Has Choice given any consideration to lobbying for prohibition of critter infiltration from warranties? While it would be difficult or impossible to impact the design of products imported from overseas, I would think warranties would be within the purview of products provided by the Australian entities, whether retailers or joint ventures, eg Carrier-Toshiba. I will address the ACCC directly on this issue. I also need help in ideas for quantifying incidences of this problem. Perhaps a Facebook group asking people to join if they’ve gone through anything even similar to what we’ve gone through? Help!

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So Toshiba was a no-show for QCAT mediation today. My application will go directly to the Magistrate’s Court now. My contact at the ACCC/Office of Fair Trading characterised my issue of vermin damage to split system air conditioners as “small.” I told him that from this thread, it appeared to be a larger problem than he acknowledges. I need some real support here. Where do I go from here? He suggested writing to ACCC, not filing a complaint, which is what lead me to OFT, to try and get them to look at this. I want national attention brought to the fairness to consumers of explicitly excluding vermin damage from warranties. So far CHOICE has not come up with any ideas for moving this forward. TIA.


My QCAT hearing took place today. Evidently, it is completely acceptable for manufacturers to exclude damage by vermin (geckos) from their warranties. End of story. Toshiba, when forced by the QCAT Tribunal, the ACCC, and the Tribunal again, has come to the party in a certain sense - twice replacing the PCB at no cost to us (just in time and energy spent filing claims and complaints) and most recently offering to replace the unit, albeit the same design model which we contend is not fit for purpose. We opted for a cash settlement, in essence a “refund” after 4 years, which the Magistrate did not hesitate to tell me, I was not entitled to under Australian Consumer Law from the manufacturer. Refunds are usually paid by the vendor, in this case an independent air conditioner technician. Anyway, we will be installing a new air conditioner and looking for recommendations. The Magistrate intimated that we purchased the system with full knowledge of the aforementioned exclusion for gecko damage. Does anyone know of a brand that is not quite as strict or indeed has a reduced incidence of pest infiltration? TIA.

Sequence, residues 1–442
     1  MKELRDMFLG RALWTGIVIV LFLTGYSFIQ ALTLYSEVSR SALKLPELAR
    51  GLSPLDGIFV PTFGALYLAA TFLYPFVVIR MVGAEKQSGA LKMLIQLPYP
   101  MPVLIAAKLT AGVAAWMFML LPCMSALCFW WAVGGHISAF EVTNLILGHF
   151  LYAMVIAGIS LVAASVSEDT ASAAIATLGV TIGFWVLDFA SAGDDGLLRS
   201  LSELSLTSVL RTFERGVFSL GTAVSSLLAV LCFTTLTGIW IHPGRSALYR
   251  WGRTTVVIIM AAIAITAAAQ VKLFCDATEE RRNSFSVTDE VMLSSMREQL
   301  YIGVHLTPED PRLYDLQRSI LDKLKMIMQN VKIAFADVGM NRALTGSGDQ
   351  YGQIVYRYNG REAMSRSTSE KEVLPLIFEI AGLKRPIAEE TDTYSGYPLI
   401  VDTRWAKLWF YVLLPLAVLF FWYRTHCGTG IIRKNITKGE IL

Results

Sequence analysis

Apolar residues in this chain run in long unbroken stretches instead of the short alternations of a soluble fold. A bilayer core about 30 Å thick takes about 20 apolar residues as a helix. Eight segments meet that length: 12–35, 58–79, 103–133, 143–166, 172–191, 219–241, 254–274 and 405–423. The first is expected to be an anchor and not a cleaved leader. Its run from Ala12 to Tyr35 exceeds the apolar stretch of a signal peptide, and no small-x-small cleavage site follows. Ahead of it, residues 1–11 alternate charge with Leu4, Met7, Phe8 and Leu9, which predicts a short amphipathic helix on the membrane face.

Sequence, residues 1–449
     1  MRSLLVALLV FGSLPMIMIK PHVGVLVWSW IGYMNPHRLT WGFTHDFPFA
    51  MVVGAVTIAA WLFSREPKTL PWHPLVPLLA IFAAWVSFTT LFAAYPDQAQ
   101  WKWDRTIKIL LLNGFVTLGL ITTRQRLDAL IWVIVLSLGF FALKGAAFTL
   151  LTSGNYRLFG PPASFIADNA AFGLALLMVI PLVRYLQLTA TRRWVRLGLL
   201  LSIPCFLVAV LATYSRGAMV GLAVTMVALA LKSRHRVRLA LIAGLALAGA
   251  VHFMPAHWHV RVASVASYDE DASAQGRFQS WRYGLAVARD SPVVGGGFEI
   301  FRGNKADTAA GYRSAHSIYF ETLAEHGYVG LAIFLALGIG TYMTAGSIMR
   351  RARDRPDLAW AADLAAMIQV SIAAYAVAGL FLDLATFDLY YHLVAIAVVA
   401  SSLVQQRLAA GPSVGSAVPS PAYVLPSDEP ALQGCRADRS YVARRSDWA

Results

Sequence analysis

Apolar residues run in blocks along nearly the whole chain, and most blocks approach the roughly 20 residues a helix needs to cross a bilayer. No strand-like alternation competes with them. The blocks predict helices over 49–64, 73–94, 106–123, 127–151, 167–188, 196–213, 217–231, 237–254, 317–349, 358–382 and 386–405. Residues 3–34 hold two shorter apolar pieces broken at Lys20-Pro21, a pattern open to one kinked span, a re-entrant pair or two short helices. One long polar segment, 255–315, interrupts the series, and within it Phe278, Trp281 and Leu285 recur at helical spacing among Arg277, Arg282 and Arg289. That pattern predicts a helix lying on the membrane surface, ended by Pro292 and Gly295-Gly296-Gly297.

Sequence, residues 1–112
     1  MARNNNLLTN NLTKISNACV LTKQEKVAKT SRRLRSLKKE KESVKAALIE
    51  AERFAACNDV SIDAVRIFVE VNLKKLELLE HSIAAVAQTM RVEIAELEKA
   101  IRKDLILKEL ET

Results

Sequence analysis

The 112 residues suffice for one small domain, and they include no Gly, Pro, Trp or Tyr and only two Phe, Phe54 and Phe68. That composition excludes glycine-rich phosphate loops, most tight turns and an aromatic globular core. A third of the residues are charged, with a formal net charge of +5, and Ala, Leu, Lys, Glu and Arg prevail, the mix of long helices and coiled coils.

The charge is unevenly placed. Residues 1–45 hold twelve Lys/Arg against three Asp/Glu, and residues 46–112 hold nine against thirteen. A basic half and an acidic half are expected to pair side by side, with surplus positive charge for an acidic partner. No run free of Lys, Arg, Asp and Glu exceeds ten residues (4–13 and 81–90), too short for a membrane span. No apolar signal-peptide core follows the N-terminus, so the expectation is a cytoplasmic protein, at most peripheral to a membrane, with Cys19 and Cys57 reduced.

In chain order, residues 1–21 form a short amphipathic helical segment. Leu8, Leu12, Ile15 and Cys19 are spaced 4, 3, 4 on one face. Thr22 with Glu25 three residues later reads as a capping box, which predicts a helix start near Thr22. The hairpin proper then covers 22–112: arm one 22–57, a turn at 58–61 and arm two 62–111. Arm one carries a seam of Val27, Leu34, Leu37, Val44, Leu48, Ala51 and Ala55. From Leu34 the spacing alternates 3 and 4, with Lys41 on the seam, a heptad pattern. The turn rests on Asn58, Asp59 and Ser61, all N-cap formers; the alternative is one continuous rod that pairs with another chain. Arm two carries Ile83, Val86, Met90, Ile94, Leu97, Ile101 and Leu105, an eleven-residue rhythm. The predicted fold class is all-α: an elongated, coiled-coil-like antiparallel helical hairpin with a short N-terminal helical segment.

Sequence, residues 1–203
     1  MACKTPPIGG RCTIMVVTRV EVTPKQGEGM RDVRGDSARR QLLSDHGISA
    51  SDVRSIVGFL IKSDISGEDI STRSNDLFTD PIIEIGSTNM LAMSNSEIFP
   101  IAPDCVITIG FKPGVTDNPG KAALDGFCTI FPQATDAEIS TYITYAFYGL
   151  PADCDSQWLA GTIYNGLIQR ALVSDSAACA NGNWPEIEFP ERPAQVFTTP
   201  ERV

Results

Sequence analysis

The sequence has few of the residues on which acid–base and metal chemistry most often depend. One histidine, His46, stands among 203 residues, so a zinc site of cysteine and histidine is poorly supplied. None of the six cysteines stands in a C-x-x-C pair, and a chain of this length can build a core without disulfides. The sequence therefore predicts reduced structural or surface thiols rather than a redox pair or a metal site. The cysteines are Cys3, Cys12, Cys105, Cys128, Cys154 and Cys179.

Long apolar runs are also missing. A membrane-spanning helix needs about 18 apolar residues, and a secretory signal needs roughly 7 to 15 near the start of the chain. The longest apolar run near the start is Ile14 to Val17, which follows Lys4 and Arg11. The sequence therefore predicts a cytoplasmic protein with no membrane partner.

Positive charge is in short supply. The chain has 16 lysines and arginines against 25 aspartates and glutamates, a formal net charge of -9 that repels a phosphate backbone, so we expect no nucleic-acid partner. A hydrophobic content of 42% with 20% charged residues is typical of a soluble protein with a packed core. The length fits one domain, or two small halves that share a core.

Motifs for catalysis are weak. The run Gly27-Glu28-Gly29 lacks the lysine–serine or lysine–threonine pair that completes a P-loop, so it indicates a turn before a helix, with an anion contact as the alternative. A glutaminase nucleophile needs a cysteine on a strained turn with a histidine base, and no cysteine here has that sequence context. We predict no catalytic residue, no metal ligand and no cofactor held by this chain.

I’m a Queensland HVAC technician of 19 years and I’m not aware of any manufacturers that warrant vermin damage officially, however sometimes a technician will put it through out of the goodness of their heart.

We prefer Panasonic as they have a coating over the delicate components of the PCB’S. We also offer clients the option to spray all the boards with 4 coats of Action Corrosion HVAC spray to help further :+1:

Hope this helps!


If it’s not too much to ask, and you feel able to comment, it may assist all of is to understand.

How does the assessment of the failed component at the premise determine it is due to the presence of a gecko/s?

Looking at our solar PV inverter it has similar types of power electrics and circuit boards with advanced electronic control. It has been no problem for the manufacturer to fully enclose the power and control electrics and provide ingress protection suitable for outdoor installation exposed to rain, dust etc. What explanation do AC manufacturers provide for not providing that portion of the AC electrical equipment with a similar level of protection? EG IP5X might be a minimum compliance rating suitable.

In respect of @Redlandsneen hard earned success (well done) I’ve been sitting on a similar situation with a Fujitsu AC (first failure) for a unit just past 5 years old at the time. I purchased that brand because I knew they were reliable. We had 2 of their large split systems installed in 2001 in our then home in FNQ, aka gecko central. They were still going strong in 2015, along side several smaller box units in the bedrooms. A nearby neighbour who worked in the industry offered some pertinent opinions on brands. It will make for an interesting discussion given @Redlandsneen experience.

Hopefully someone can offer reliable advice to @Redlandsneen on the design attributes of the different brands and models. I’ve recently noted at least one make mention of coated PCB’s used in their products. At risk of causing an unexpected failure we’ve 4 x MHI split AC’s installed at our gecko frequented timber home. The 2 older units were installed in 2017.

If I had a choice today it would be for an outdoor unit with a sealed inverter and controller board similar in quality to our made in China Solar PV inverter.


Just out of curiousity, as Toshiba is a Japanese company, I wondered whether the air conditioners sold in Japan are any better protected against geckos. Perhaps not, if this article is anything to go by.


This thread (“Best Geko Proof Airconditioner”) at whirlpool may be worth following.


So the cash refund will not cover the cost of a new air con installed so I’m wondering if the split system unit is worth selling to someone who has access to wholesale PCBs who can use the system. It was actually a very efficient heating and cooling system WHEN it was working in terms of the area output etc. Feel free to research the model, Indoor unit RAS-24N3KV2 Series; Outdoor unit RAS-24N3AV2 Series. I prefer recycling whenever possible. TIA.

Hello. I can’t find your email of a few months ago. Can you please get in touch with me? Thanks.